Wednesday, February 18, 2009

Has The Black Church Gone Too Far To Fit In?

The church has been the bedrock of the black community since the first recorded black congregation organized on the plantation of William Byrd near Mecklenburg, Virginia. Indeed, the church has gotten us through some of our toughest times: slavery, segregation, the great depression, just to name a few. I would say it is the most fundamental institution in black society--then and now. But, just what are the limits one can go to inspire attendance?

I understand that the church has a calling to reach out and bring in followers. With that, I can understand the need to attract young people to the church as well as the need to keep congregations interested and motivated. However, the video today goes far beyond that. Now, I'm not saying that this church or pastor's heart weren't in the right place. I just think they crossed the line and failed to maintain the dignity and decorum of the church. But, you be the judge. Watch The Greater Travelers Rest Baptist Church Anniversary Dance and let me know how you feel.

Did they cross the line? Were the youth congregation sent a mixed message? Will this dance come back to haunt the church in some form of youth rebellion? Or, was this simply an uplifting way to entertain the congregation and motivate young people to attend? Come on saints, it's time to testify.


T L said...

I think people, particularly African Americans, have forgotten what role your religion and your faith place in our lives. The church is a place to come worship - confess and repent our sins, bring us closer to our God - in a holy and reverent manner. The church can go out in the world to change the ways of the world, but not bring the world into the church to change the ways of the church.

It's not to say that the concept was not good - bridging the generational gaps, but I think the sanctuary was not the place for this type of display. This type of activity would have best been out in a fellowship hall.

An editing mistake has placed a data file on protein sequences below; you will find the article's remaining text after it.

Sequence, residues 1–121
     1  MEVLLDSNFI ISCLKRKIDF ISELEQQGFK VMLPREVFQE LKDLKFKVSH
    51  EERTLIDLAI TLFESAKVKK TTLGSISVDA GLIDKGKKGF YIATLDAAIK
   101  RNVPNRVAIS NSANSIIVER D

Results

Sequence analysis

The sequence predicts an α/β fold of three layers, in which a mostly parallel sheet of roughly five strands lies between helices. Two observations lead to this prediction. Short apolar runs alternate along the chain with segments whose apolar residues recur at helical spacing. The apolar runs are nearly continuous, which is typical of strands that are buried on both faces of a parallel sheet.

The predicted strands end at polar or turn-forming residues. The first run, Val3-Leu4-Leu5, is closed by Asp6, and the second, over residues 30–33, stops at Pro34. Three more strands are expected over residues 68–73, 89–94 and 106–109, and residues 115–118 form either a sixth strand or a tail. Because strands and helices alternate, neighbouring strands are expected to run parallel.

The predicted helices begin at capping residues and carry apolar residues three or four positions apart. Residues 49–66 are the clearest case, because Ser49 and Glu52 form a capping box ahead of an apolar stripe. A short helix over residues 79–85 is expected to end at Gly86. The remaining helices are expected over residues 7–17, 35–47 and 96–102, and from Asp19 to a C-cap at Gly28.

What message does this send to people looking to associate with this church? I think I recal the minister that 'you won't go to hell for one day'. Boy, what a powerful message from the mouth of the man of the cloth! Yes, the Bible does speak about singing and praising, yes even dancing before the Lord, but songs such as 'Darling You Send Me' and 'When Dove Fly' are not what the ones to sing and dance before the Lord. Furthermore, there was nothing in any of these songs that even remotely acknowledges God. No, the church doesn't have to be all fire and brimstone, but it should be the place where you give up the ways of the world to take on a better, greater, more fulfilling and richer way of life here on earth and when we leave this earth to join our Lord in Heaven.

Hopefully, when this church plans next year's anniversary, I hope the congregation will reflect on this year's program and do something more appropriate.

Iam Robert said...


I totally agree, the church is a place where people should behave with the proper decorum--reverence, humbleness, respect, dignity, and servitude. I also agree that the concept was good, but the setting entirely wrong.

But, like you, I'm concerned that this sent the wrong message to the young people in that church. After all, young people can't quite see what's wrong with secular living and turn to us adults to guide them. As adults, we know that thug living, street living, gangster living, and all the other lead to misery, poverty, and death. These are the darker things in life and the church should be leading us toward the light. The church should hold people to a higher standard and most certainly someone shouldn’t be “crip-walkin” in the church. Personally, I'm trying to steer my three daughters away from such images and on to more positive ones like the Obama's.